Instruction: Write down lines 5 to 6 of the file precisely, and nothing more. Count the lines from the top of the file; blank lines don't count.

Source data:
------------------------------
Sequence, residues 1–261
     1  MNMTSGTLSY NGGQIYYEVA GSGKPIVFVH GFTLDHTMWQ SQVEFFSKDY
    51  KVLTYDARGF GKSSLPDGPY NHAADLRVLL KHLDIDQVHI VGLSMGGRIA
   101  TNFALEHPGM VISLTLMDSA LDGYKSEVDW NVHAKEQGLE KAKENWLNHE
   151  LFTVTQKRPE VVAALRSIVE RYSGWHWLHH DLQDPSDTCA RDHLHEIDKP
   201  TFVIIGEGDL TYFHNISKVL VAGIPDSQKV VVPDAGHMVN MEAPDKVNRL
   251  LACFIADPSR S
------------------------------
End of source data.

   151  LFTVTQKRPE VVAALRSIVE RYSGWHWLHH DLQDPSDTCA RDHLHEIDKP
   201  TFVIIGEGDL TYFHNISKVL VAGIPDSQKV VVPDAGHMVN MEAPDKVNRL